THERE are many propositions, which, though they be reasonable and true in themselves, and acknowledged to be so, make very little impression upon our minds. They glide through our thoughts without effect, and without leaving a trace behind them. Yet, the selfsame propositions, when they are brought back to our reflection by any experience, or by any incident that falls under our observation, especially any in which we ourselves are concerned, shall be found to have a weight, a justice, a sigmificancy in them which they never appeared to possess before. This seems to be the case with the words of Solomon which I have now read to you. That ‘righteousness exalteth a nation,” is one of those moral maxims which no man chooses to contradict. Every hearer assents to it; but it is an assent without meaning; there is no value or importance or application perceived in the words. But when such things happen as have happened, when we have seen, and that at our doors, a mighty empire falling from the summit of what the world calls grandeur to the very abyss and bottom, not of external weakness, but of internal misery and distress, and that for want of virtue and of religion in the inhabitants, on one side probably as well as on the other, we begin to discover that there is not only truth, but momentous instruction in the text, when it teaches us that it is ‘righteousness which exalteth a nation.” It is virtue, and virtue alone, which can make either nations happy or governmentS Secure.
France wanted nothing but virtue; and by that want she fell. If the fairest region of Europe, if a numerous population,
if the nominal wealth which arises from the money of a country, if large foreign possessions, if armies and fleets, if a splendid court and nobility, could have given firmness to a state, these were all possessed by her to a degree which hardly, I believe, any other nation could pretend to. Her fate, therefore, is, and ought to be, a standing lesson to the world that something more than external prosperity is necessary; and that something is, internal goodness and virtue. * I know not how I can employ the present solemn occasion, and the still more solemn admonition which the transactions that have lately gone on, and are still going on in the world, ought to convey to us, better, than by illustrating the assertion of the text, that it is by the people being good, and by that alone, that any country can be happy, or any government safe. And first of all, I would observe to you, that whatever new opinions have sprung up in France, and of some of which they have learnt the effects by sore experience, the wisest men of the last age, in that very country, men also firmly and boldly attached to public liberty, have said this; that the principles of Christianity are more favorable to good government than any principles of any philosopher or politician can be. For the celebrated French writer to whom I allude, after stating exactly what sort of a principle was suited to a monarchy, what to an aristocracy, and what to a republic, concludes by declaring, that although there be principles proper to each form of government, the principles of the christian religion, so far as it prevailed, are better, more useful, and more effectual than them all. And in my judgment our author, in saying that, has said no more than what reason will bear him out in. The true Christian must be a good subject; because, having been accustomed to fix his eyes and hopes upon another world, a future state of existence, ‘a more abiding city,” “a tabernacle not of this building,” his first care concerning the present state of things is to pass quietly and peaceably and innocently through it. Now this is the very disposition to be desired in human society; it is the disposition which keeps each man in his station, and what is more, keeps him contented with it. A man upon whom Christianity hath shed this temper, can never wish for disturbance, because he cannot wish to have that calm and even course of life broken up, by going on Soberly and peaceably in which, he feels himself doing his duty, and feels from thence, the highest of human satisfaction, that he is gradually making himself ready for, and advancing towards, his re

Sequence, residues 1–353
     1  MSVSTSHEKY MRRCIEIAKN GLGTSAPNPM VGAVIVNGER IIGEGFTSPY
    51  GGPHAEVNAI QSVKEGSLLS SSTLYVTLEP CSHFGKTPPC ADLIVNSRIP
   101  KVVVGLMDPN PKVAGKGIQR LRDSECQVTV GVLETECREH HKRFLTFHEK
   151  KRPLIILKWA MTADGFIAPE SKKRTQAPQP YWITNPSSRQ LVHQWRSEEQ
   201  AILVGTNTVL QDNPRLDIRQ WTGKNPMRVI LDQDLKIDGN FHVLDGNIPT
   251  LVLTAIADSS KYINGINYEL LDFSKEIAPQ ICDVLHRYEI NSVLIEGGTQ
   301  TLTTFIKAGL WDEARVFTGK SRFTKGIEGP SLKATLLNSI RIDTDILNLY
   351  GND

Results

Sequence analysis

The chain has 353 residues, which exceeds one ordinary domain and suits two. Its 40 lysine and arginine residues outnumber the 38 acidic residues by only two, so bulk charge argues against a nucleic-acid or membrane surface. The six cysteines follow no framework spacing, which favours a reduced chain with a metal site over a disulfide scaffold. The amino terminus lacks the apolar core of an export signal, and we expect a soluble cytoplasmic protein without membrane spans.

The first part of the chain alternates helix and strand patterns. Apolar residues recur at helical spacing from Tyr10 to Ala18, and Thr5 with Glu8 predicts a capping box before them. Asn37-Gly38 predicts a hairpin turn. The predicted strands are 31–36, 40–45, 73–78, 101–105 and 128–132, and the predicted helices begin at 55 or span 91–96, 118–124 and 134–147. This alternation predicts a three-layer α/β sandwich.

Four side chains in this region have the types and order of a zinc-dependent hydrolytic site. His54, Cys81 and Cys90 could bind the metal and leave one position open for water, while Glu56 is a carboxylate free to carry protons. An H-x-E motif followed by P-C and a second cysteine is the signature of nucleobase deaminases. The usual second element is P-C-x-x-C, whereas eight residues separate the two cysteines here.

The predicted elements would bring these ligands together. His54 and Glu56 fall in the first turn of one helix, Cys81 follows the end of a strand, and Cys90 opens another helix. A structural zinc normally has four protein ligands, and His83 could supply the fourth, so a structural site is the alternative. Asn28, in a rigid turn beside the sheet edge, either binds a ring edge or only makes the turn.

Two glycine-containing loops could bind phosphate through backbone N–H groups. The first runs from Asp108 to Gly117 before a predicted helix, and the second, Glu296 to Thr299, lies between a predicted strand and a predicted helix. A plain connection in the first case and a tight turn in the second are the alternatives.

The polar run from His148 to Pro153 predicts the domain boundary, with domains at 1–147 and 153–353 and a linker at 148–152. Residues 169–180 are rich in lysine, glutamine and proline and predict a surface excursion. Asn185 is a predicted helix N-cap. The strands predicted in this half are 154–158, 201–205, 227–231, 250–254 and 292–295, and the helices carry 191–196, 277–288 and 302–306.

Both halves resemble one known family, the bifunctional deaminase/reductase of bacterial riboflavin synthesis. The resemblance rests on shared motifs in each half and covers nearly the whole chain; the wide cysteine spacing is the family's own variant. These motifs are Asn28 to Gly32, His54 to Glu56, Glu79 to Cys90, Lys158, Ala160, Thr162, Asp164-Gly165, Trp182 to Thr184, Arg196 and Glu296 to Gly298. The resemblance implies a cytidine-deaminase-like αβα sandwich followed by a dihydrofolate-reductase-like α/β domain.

ward in heaven. He will not have his progress stopped, his journey interrupted. I will not say that no case of public provocation can happen which would move him; but it must be a case clear and strong, it must be a species of necessity. He will not stir until he see a great and good end to be attained, and not indeed a certain, because nothing in human life is so, but a rational and practicable way of attaining it. Nothing extravagant, nothing chimerical, nothing in any considerable degree doubtful, will be deemed a sufficient reason with him for hazarding the loss of that tranquillity in which he earnestly, for himself at least, desires to pass the days of his sojourning here upon earth. Then as to all ambitious, aspiring views, which are the great annoyance of public peace and order, they are killed and excluded in the heart of a Christian. If he have any ambition, it is the silent ambition of pleasing his Maker. If he aspire to any thing, it is the hope, and yet even that a humble and subdued hope, of salvation after his death. That religion, therefore, by its proper nature generates in the heart a disposition, though never adverse, but always friendly to public order and to good government, inasmuch as public order cannot be maintained in the world without it, is, I think, a general and plain truth, and is confirmed by experience, as well as dictated by reason, for although the name and pretence of religion, have at divers times been made the name and pretence of sedition and of unjustifiable insurrection against established authority, religion never was. But secondly ; religion is not only a source and support of national happiness, but the only source and support to be relied on. I mean, that there arise such vicissitudes and revolutions in human affairs, that nothing but this can be expected to remain or is adapted to the changes which the course of this world is sure to bring along with it. To expect always to continue in health would be a most unreasonable expectation in any man living; and to possess a temper of mind which would be pleased and easy whilst we were well, but which could bear neither pain nor sickness, would be a very unsuitable temper, a very poor provision of spirits to go through the world with. It is just so in civil life. To be quiet whilst all things go on well; to be pleased in prosperity; not to complain when we thrive; not to murmur or accuse amidst affluence and plenty, is a state of mind insufficient to meet the exigences of human affairs. Great varieties and alterations, both of personal and natural condition, will inevitably take place. Rich men will become poor, and the poor will become distressed; and this whatever course of prosperity a nation seeks. If a people go into trade and manufactures, innumerable accidents will fall out in the circumstances either of the country itself, or of other countries with which it is connected, for it depends upon them also, that must check and interrupt the progress and extent of its commerce. No wisdom hath ever yet been able to prevent these changes, or ever can. If the cultivation of the soil be more followed, and trade less so ; still, though the public security be greater, the security of individuals is not greater. A harsh season, a storm, a flood, a week or even a day of unfavorable weather, may spoil the hopes and profits of a year. Disappointments therefore, and losses, and those to a very great extent, will happen to many. Now there is but one temper which can prepare the mind for changes in our worldly affairs, and that is the temper which Christianity inspires. The Christian regards prosperity at all times, not only as subject to constant peril and uncertainty, but even at the best, and in its securest state, if any state of prosperity can be called secure, regards it as an inferior object of his solicitude ; inferior to a quiet conscience, inferior to the most humble endeavours to please God, and infinitely inferior to the prospect of future salvation. The consequence of viewing worldly prosperity in this light, which is the safest and truest light in which it can be seen, is, that the Christian uses it when it falls to his lot with moderation; considers it as a trust, as a talent committed to him; as adding to his anxiety, and increasing his obligation to do good, and thereby bringing with it a burden and accountableness which almost overbalances its value. And for the same reason that he uses the good things of life temperately and cautiously whilst they are his, he parts from them, or sees the diminution of them, with equanimity. When he had them, he was far from making or considering them as instruments of luxury, indulgence, or ostentation; least of all, of intemperance and excess. Now therefore that he has them not, he has none of those pernicious gratifications to resign. Whatever be a man's worldly estate, a true Christian sees in it a state of probation, of trial, of preparation, of passage. If it be a state. of wealth and plenty, it is only that; if it be a state of adversity, it is still the same. The only difference is, whether he come at last out of the fire,’ tried by the temptations of prosperity or by the strokes of misfortune and the visitations of want; and he who acquits himself as he ought in one condition, will be equally accepted and equally approved as he who acquits himself as he ought in the other. We are wont to admire the